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Ruby C. Faus ~ first wife of Myrick W. Pullen
Posted by: Deborah Brownfield - Stanley (ID *****1616) Date: May 20, 2005 at 18:29:42
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One of the best known men of a past generation in Monona county, Iowa - one whose record is well deserving of a conspicuous place in his community's history was the late Malden B. Pullen, who during his active years not only was
numbered among the eminently successful business men of the locality where he lived but also was an influential and potent factor in the community's development and prosperity.

Mr. Pullen was born in Week's Mill, Maine, on the 6th of February, 1847, and his death occurred in Onawa, Iowa, on the 4th of May, 1918, in the seventy-second year of his age. He was a son of Daniel and Mary (Didley) Pullen, the
former of whom died July 24, 1849. After our subject came west, the mother came to live with him and resided here until her death, which occurred in 1883. The paternal grandfather was William Pullen, of Vassalboro, Maine, a
prominent lumber dealer of his day, and who, while Maine was still a part of Massachusetts, represented his district in the legislature.

Malden B. Pullen was the eighth in order of birth of the nine children born to his parents. He secured his educational training in the public schools of his native state, and at the age of sixteen years was apprenticed to learn the carpenter's trade. After completing his apprenticeship he continued to work as a journeyman with his former employer until 1869, when he came west, locating at Omaha, Nebraska, where he secured employment in the shops of the Union Pacific Railroad. In 1871 he came to Onawa, Monona county, Iowa, and engaged in business as a carpenter contractor, in which capacity he erected many
of the prominent homes and business structures of the city. In 1880 he added undertaking to his business and was the first embalmer in this locality. He was a man of marked business ability and reliable judgment, absolutely square in his dealings with the public, and a gratifying measure of success crowned his efforts.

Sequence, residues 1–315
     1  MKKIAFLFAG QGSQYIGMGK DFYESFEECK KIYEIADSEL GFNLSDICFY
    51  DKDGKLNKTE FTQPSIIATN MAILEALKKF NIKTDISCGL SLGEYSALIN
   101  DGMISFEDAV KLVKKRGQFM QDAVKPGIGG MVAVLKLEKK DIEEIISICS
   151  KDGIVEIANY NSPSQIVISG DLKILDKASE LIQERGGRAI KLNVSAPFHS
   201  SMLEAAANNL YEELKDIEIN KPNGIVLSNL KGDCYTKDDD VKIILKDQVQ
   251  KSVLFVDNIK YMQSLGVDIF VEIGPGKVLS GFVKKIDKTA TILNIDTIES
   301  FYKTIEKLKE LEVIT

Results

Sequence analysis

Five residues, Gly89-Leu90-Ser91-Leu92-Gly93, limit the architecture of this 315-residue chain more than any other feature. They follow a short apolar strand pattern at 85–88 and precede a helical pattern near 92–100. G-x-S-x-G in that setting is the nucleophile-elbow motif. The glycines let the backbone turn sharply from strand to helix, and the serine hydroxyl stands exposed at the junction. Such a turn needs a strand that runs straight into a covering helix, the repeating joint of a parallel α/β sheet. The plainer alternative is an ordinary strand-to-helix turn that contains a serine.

On December 29, 1881, Mr. Pullen was united in marriage to Miss Julia E. Whiting, daughter of Hon. Charles E. and Nancy (Criner) Whiting, the former of whom was the earliest settler in Monona county and the founder of the Whiting
settlement. He became prominent in public life and was a judge of the county court. Mrs. Pullen was born in New Market, Madison county, Alabama, January 2, 1850, and was but six years of age when she came with her parents to
Monona county. She was educated in the public schools of Onawa, completing her studies in Knox Seminary, at Galesburg, Illinois. To her is accorded the distinction of belonging to the first family to settle in this county, and she attended the first school in Onawa. Later, prior to her marriage, she taught five terms of school. Besides the widow, the following children survived: Myrick W. Pullen, born January 25, 1883, on Woodlawn farm at Whiting, is
professor of electricity in Johns Hopkins University, Baltimore, Maryland. On September 13, 1912, he was married to Miss Ruby C. Faus, who died March 5, 1916, leaving two children, Cordelia V. and Myrick C. On June 19, 1923, Myrick W. Pullen was married to Miss Julia S. Fuller. Gail C. Pullen, born September 26, 1884, at Onawa, was married December 29, 1909, to Miss Zoe Hagen, and they have two children, Malden H. and Don Martin. Keats A. Pullen, born July 4, 1886, at Onawa, now resides at Los Gatos, California. He was married May 14, 1913, to Miss Mabel J. Faus, and they have three children, Curtis F., Keats A., jr., and Robert Whiting. Mary Bernice Pullen, born December 27, 1893, died July 26, 1918.

Politically Mr. Pullen was a stanch supporter of the democratic party, taking an active interest in local public affairs, and held a number of local offices, including that of mayor of Onawa. He was equally noted as a citizen
whose career, useful and honorable, conferred credit on the community and as a man whose marked abilities and sterling qualities won for him well merited success, and he held distinctive precedence as one of the representative men of
the community in which he lived and labored.

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